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15/08/2010 15:37

Walking time: 2 hours
We reach the Chochołowska Valley from Chochołów, a very pretty village famous for its spotlessly clean buildings. The ritual of sprucing up the outside of houses is a very old tradition.


Walking time: 2 hours
We reach the Chochołowska Valley from Chochołów, a very pretty village famous for its spotlessly clean buildings. The ritual of sprucing up the outside of houses is a very old tradition. It takes place twice a year: obligatorily for Corpus Christi and Christmas and for volunteers at Easter and on St Jacek’s (St Hyacinth’s) Day. According to the tradition, it is the women who clean the buildings and the men who prepare the special scaffoldings so that every corner can be attacked with broomsticks. Cleaning lasts several days and gaździnas rarely do it on their own. These days they hire myjocki (cleaners) and the walls are shining in just one day. Once, a highlander would judge whether a potential wife was hardworking enough by the whiteness of her house’s walls. It is also worth visiting the house that, according to legend, was built 180 years ago from a single fir tree. There are several legends recounting the origin of the name Chochołów. Probably the most entertaining claims that Cepers who saw the local highland women scrubbing the walls in an energetic manner exclaimed “Ho, ho, ho!” in appreciation.
Having reached the car park by Siwa Polana glade, we begin the hike with an hour-long walk on an asphalt road to Polana Huciska glade, either on foot or using a bike rented for a symbolic fee with no red tape. You can also go by railway, which covers the 4.5 km route to Huciska in 15 minutes. The fare is 2 PLN (2003/2004). The first train departs at 8 am and then every 30 minutes thereafter. Fifteen to twenty people can travel on each trip. It is worth noting that the train is set up to carry disabled persons.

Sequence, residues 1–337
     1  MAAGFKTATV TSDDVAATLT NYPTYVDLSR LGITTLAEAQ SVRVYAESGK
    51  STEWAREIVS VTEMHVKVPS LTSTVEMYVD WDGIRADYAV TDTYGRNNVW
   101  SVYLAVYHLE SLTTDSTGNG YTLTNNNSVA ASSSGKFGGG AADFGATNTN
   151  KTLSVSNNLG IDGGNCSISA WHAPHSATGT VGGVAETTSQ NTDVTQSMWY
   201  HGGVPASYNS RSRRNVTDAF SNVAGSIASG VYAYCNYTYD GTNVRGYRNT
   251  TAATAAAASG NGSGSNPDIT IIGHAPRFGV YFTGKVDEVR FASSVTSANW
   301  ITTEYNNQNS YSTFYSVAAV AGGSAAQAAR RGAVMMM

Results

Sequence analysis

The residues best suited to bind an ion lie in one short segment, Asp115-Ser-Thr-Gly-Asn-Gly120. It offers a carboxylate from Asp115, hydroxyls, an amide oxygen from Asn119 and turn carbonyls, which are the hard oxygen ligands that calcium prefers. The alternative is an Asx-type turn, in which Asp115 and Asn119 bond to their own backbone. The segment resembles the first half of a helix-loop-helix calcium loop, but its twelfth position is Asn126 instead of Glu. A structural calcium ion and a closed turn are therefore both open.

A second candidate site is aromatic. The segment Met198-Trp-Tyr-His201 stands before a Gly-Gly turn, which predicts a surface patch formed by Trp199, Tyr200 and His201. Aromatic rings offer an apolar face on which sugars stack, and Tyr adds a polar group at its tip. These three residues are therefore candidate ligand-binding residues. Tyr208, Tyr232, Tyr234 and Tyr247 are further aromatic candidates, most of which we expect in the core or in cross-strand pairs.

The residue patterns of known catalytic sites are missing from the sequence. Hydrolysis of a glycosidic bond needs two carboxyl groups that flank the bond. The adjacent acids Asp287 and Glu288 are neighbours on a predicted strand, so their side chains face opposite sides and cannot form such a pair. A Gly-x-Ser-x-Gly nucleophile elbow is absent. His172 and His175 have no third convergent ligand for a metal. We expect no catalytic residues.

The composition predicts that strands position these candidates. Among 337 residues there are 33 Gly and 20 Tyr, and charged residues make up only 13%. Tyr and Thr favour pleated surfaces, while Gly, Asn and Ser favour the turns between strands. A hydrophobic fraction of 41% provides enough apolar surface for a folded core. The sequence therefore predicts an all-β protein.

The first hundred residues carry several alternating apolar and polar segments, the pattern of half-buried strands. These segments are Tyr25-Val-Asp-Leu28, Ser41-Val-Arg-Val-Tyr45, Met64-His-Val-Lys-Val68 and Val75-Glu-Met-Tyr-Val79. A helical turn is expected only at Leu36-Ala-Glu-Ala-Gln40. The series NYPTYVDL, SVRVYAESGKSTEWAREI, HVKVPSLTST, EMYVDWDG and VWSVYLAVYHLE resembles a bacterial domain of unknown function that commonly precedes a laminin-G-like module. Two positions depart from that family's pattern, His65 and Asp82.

At first you cross open land but after a while you enter a row of spruces. Sharp peaks emerge on the right every now and then and straight ahead the peaks of Czerwone Wierchy can be seen. Finally, you arrive at Polana Huciska glade. On the left is the beautiful vista of the summit of Kominiarski Wierch. There is still an hour of uphill walking to the mountain lodge along a wide, hardened road. After 15 minutes, a branch of the Ścieżka nad Reglami path via Polana Jamy glade diverges to the left. After another five minutes the peak of Turnia Olejarnia appears on the right and just after that there is a trail to the Iwaniacka Pass and to the Siwa Pass via the Starej Roboty Valley on the left. After another 20 minutes, a trail to Mount Trzydniowiański Wierch turns off to the left. Soon the forest ends and you come out into the edge of Wielka Polana Chochołowska glade. From here the peak of Kominiarski Wierch is visible on the left and the peak of Bobrowiec on the right. Twenty minutes more walking brings you to the Chochołowskie mountain lodge—the largest in the Tatras and situated at an altitude of 1150 m AMSL. Just before you reach the lodge a yellow trail heads off to the right toward Mount Grześ (about 1 hour 30 minutes away) and then on to Mount Rakoń and Mount Wołowiec, the latter being the most westerly of the Tatras’ summits.
[rys. str. 69]
A few dozen metres below is a branch towards the left that leads to Mount Trzydniowianski Wierch and Mount Končistá via the Jarząbcza Valley. There is also a trail via the Wyżnia Chochołowska Valley to Mount Wołowiec. The first part of the trail via the Jarząbcza Valley is called Szlak Papieski (the Pope’s Trail) commemorating Pope John Paul II, who came here for a walk during his pilgrimage to Poland in 1983.
To sum up, the Chochołowska Valley is the largest valley on the Polish side of the Tatras. It is about 35 km2 in area and 10 km long (ending at Wielka Polana glade). About two thirds of its area is forested, mostly with spruce. There are a large number of shepherd’s huts in the valley to cater for the annual pasturing of sheep. The valley is at its most beautiful in the spring when it is covered with blooming crocuses. Because of its considerable distance from the nearest town, it is the most seldom visited of the valleys branching off towards the foot of the mountains.



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